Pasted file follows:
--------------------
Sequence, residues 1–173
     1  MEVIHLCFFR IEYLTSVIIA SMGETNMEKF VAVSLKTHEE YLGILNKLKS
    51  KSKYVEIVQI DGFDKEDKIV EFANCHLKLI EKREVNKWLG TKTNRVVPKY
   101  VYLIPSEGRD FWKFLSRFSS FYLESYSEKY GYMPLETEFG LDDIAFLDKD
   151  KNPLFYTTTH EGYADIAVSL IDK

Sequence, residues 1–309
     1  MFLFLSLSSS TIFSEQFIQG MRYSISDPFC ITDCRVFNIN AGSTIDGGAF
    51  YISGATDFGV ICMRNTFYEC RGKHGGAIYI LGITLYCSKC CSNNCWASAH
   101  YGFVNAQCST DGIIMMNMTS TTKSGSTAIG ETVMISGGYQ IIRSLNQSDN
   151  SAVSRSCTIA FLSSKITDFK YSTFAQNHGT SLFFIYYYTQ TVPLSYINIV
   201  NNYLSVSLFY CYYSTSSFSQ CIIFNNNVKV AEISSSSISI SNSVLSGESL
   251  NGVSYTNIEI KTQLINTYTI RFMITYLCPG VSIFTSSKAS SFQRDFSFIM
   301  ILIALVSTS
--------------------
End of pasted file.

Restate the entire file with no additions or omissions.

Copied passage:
Sequence, residues 1–173
     1  MEVIHLCFFR IEYLTSVIIA SMGETNMEKF VAVSLKTHEE YLGILNKLKS
    51  KSKYVEIVQI DGFDKEDKIV EFANCHLKLI EKREVNKWLG TKTNRVVPKY
   101  VYLIPSEGRD FWKFLSRFSS FYLESYSEKY GYMPLETEFG LDDIAFLDKD
   151  KNPLFYTTTH EGYADIAVSL IDK

Sequence, residues 1–309
     1  MFLFLSLSSS TIFSEQFIQG MRYSISDPFC ITDCRVFNIN AGSTIDGGAF
    51  YISGATDFGV ICMRNTFYEC RGKHGGAIYI LGITLYCSKC CSNNCWASAH
   101  YGFVNAQCST DGIIMMNMTS TTKSGSTAIG ETVMISGGYQ IIRSLNQSDN
   151  SAVSRSCTIA FLSSKITDFK YSTFAQNHGT SLFFIYYYTQ TVPLSYINIV
   201  NNYLSVSLFY CYYSTSSFSQ CIIFNNNVKV AEISSSSISI SNSVLSGESL
   251  NGVSYTNIEI KTQLINTYTI RFMITYLCPG VSIFTSSKAS SFQRDFSFIM
   301  ILIALVSTS